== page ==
These days, words are tossed around haphazardly and purposely redefined to stir confusion and further political agendas. To make sense of it all, perhaps we need to refresh our vocabulary, get back to basics, so to speak. For this, I defer to the reliable Webster’s Dictionary.
First up: truth. The official definition of truth is “the quality or state of being true; that which is true or in accordance with facts or reality.” Nowadays, we are encouraged to “speak our truth,” but contrary to contemporary opinion, truth is not subjective.
Truth is evidence, fact. What exactly is a fact? A fact is defined as “a thing that is indisputably true; a piece of information that is used as evidence or as part of a report or news article.”
The antonym of a fact is a lie, defined as “an intentionally false statement, an untruth, used with reference to a situation involving deception or founded on a mistaken impression.” A lie is deceit, “the action or practice of deceiving someone by concealing or misrepresenting the truth.”
For your consideration, I offer the following words, now standard in our conversation, and their true meanings:
Alternate - taking the place of; alternative.
Alternative fact - a statement intended to contradict another more verifiable, but less palatable statement. (Logic dictates, then, that an alternative fact can’t exist without a verifiable fact to contradict. Bear in mind, verifiable is defined as “able to be checked or demonstrated to be true, accurate, justified.” An alternative fact, then, is a lie.)
Crime - an action or omission that constitutes an offense that may be prosecuted by the state and is punishable by law; illegal activities; an action or activity that, although not illegal, is considered to be evil, shameful, or wrong.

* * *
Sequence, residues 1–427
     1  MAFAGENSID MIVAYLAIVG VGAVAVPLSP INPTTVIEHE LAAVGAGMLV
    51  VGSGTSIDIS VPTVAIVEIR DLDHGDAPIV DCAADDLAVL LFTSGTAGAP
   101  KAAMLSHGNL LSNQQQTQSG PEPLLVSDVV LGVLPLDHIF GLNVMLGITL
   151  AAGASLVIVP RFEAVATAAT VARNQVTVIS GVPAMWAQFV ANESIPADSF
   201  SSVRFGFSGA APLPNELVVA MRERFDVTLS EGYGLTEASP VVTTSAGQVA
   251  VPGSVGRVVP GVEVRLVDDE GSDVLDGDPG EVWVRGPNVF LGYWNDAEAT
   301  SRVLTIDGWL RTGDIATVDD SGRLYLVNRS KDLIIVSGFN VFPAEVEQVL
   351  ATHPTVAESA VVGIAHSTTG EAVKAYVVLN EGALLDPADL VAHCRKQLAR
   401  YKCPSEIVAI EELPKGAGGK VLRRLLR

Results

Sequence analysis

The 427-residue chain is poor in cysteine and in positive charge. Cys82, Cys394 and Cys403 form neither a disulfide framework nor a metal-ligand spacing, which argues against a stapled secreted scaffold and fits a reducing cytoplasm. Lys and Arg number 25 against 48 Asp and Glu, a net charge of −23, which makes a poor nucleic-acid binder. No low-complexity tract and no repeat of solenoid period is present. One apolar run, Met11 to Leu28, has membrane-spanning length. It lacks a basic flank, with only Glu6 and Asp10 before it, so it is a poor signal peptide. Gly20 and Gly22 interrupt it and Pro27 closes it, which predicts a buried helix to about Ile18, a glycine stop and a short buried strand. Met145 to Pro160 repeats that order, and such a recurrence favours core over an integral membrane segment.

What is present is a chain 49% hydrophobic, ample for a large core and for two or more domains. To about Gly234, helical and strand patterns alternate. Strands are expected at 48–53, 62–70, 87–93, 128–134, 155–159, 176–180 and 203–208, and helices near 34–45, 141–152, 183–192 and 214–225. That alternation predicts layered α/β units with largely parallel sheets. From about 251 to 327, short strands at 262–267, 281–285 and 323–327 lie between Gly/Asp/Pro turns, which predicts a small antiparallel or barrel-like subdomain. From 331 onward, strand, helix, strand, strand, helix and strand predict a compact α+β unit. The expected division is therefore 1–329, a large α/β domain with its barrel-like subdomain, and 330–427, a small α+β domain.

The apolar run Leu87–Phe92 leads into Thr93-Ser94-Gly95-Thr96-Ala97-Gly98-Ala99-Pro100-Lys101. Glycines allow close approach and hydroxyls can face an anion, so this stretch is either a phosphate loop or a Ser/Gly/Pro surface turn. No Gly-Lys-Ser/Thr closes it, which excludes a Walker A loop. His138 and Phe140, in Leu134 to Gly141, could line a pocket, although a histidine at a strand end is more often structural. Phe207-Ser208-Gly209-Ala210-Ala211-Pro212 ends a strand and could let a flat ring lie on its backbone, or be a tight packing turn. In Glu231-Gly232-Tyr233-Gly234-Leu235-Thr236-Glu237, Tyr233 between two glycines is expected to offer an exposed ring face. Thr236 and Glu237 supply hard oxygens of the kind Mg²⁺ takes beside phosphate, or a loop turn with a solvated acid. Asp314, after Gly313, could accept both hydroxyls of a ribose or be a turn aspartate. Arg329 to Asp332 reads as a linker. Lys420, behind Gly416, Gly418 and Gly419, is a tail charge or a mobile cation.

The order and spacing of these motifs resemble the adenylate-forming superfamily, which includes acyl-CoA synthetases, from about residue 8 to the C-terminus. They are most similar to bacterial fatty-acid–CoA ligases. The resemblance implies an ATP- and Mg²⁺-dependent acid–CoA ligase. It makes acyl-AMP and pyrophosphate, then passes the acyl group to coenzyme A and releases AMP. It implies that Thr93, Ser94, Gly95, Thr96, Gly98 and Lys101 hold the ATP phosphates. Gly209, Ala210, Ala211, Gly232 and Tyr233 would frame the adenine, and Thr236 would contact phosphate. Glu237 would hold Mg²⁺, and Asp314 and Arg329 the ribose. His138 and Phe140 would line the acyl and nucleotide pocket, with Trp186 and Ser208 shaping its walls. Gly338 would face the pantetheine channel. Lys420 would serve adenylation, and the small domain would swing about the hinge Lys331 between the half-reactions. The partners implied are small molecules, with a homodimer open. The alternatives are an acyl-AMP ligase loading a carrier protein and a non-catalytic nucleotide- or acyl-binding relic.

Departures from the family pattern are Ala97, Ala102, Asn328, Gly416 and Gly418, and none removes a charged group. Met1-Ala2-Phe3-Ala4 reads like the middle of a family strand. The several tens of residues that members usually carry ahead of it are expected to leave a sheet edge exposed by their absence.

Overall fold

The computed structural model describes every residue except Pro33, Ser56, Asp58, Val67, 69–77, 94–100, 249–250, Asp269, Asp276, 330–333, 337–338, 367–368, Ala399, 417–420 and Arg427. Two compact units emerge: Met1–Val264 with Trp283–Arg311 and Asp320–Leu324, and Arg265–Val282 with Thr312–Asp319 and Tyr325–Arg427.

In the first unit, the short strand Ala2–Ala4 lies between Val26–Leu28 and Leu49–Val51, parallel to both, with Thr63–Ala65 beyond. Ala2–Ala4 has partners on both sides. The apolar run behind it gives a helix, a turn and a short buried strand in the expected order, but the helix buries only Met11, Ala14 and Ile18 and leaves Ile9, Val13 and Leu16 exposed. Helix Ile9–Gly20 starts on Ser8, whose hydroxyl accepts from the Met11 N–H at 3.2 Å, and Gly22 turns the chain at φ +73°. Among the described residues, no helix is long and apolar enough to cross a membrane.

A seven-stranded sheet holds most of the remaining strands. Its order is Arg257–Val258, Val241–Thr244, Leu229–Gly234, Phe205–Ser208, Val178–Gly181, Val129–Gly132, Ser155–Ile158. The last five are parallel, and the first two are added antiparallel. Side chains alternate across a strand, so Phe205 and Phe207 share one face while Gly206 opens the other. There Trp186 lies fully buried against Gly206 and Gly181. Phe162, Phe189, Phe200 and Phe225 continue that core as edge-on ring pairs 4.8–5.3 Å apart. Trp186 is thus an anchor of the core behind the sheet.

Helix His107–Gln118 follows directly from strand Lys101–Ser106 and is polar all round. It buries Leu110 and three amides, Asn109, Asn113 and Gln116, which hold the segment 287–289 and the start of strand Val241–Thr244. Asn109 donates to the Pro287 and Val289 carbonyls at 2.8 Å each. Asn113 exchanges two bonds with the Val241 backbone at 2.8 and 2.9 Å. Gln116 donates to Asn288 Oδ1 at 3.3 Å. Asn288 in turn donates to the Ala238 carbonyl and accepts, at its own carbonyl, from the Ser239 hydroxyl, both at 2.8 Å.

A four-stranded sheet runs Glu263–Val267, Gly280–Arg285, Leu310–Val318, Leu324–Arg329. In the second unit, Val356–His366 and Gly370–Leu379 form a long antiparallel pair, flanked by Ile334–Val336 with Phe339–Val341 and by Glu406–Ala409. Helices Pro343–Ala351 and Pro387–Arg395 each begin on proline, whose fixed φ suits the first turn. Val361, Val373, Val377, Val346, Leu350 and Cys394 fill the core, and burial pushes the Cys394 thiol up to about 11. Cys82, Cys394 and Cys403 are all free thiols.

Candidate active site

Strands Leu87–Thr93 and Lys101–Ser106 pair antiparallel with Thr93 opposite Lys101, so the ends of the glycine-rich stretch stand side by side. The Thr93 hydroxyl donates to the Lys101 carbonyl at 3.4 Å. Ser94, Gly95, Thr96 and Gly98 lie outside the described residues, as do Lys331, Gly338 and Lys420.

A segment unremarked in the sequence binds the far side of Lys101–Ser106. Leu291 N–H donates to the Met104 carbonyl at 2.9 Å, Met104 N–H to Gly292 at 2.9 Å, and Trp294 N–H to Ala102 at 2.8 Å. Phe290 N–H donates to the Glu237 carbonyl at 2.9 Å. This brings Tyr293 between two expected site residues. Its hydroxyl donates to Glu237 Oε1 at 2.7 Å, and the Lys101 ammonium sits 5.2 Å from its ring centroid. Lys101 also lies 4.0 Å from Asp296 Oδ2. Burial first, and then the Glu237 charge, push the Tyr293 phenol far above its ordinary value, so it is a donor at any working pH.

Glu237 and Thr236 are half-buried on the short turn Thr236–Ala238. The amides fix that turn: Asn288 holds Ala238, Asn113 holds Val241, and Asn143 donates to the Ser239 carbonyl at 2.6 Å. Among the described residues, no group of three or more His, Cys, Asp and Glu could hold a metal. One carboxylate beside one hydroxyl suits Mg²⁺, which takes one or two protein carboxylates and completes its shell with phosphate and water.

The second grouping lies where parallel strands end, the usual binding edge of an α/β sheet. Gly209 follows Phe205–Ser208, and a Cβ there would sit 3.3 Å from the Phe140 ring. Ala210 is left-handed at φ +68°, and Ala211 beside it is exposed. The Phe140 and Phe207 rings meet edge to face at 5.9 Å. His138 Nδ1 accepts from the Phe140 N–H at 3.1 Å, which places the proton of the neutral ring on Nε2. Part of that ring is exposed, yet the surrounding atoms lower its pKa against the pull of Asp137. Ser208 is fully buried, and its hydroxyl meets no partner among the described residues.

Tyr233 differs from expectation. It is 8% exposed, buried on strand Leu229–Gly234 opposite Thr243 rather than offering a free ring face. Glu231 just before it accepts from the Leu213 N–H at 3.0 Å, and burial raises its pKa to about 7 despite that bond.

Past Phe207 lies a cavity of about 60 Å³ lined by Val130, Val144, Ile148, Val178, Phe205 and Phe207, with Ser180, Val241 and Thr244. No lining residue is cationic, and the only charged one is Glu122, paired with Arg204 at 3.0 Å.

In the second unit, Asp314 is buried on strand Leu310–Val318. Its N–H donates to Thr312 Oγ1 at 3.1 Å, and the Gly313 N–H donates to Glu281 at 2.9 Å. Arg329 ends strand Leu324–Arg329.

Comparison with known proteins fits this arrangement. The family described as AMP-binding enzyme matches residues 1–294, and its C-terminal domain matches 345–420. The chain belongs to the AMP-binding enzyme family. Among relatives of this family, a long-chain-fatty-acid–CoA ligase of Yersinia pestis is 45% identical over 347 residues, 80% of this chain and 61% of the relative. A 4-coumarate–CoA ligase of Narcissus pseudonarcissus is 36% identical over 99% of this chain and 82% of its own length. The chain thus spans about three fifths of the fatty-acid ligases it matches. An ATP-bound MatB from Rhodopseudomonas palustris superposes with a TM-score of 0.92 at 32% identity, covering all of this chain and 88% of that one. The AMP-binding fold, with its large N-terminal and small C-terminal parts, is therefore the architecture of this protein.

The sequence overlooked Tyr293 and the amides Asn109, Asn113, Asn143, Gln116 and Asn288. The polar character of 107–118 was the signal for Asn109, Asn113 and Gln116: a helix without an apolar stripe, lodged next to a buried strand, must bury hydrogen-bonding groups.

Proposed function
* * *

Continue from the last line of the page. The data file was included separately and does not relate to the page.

Collusion - secret or illegal cooperation or conspiracy, especially in order to cheat or deceive others. The legal definition of collusion is: an agreement between two or more people to defraud a person of his or her rights or to obtain something that is prohibited by law. A secret arrangement wherein two or more people whose legal interests seemingly conflict conspire to commit fraud. (Note: collusion, the intent to deceive, is not a crime.)
Fraud - defined in legal terms as a pact between two people to deceive a court with the purpose of obtaining something that they would not be able to get through legitimate judicial channels (such as, say, information on a political opponent).
Treason - a betraying, treachery, or breach of allegiance. The Constitution of the United States, Art. III, defines treason against the United States to consist only in levying war against them, or in adhering to their enemies, giving them aid or comfort. Aid, we know, is help, assistance, support. Comfort is the alleviation of stress.
Lastly, here’s the word at the very root of our contemporary confusion: Semantics. Current politics relies heavily upon semantics, defined as “the branch of linguistics and logic concerned with meaning. There are a number of branches and subbranches of semantics, including formal semantics, which studies the logical aspects of meaning, such as sense, reference, implication, and logical form; lexical semantics, which studies word meanings and word relations, and conceptual semantics, which studies the cognitive structure of meaning.”
The powers that be employ semantics to their advantage. They twist the meaning of words and implication to benefit themselves and alter public perception. Truth and reality, as described by Ivanka Trump in her book, The Trump Card: Playing to Win in Work and Life, are inconsequential. “Perception is more important than reality,” Ivanka wrote, “If someone perceives something to be true, it is more important than if it is, in fact, true. This doesn’t mean you should be duplicitous or deceitful, but don’t go out of your way to correct a false assumption if it plays to your advantage.”
Bearing in mind the actual meaning of words, what exactly is Ivanka Trump saying? It sounds like a pretty recipe for success, but we’ve already defined truth as fact, as evidence, not perception, and we have established that lies are inherent in deceit. It follows, then, that failing to correct a false assumption if it plays to your advantage is deceit, a lie, an untruth, equally duplicitous as playing around with the meaning of the word “collusion” to purposely confuse the public.
Don’t be confused! Do your own research! Check the offered facts! Think for yourselves! Know your own language! Knowledge is power, because this, my friends, is semantics, a tool in the game they play to “win in work and life.” Remember, If they win, we lose.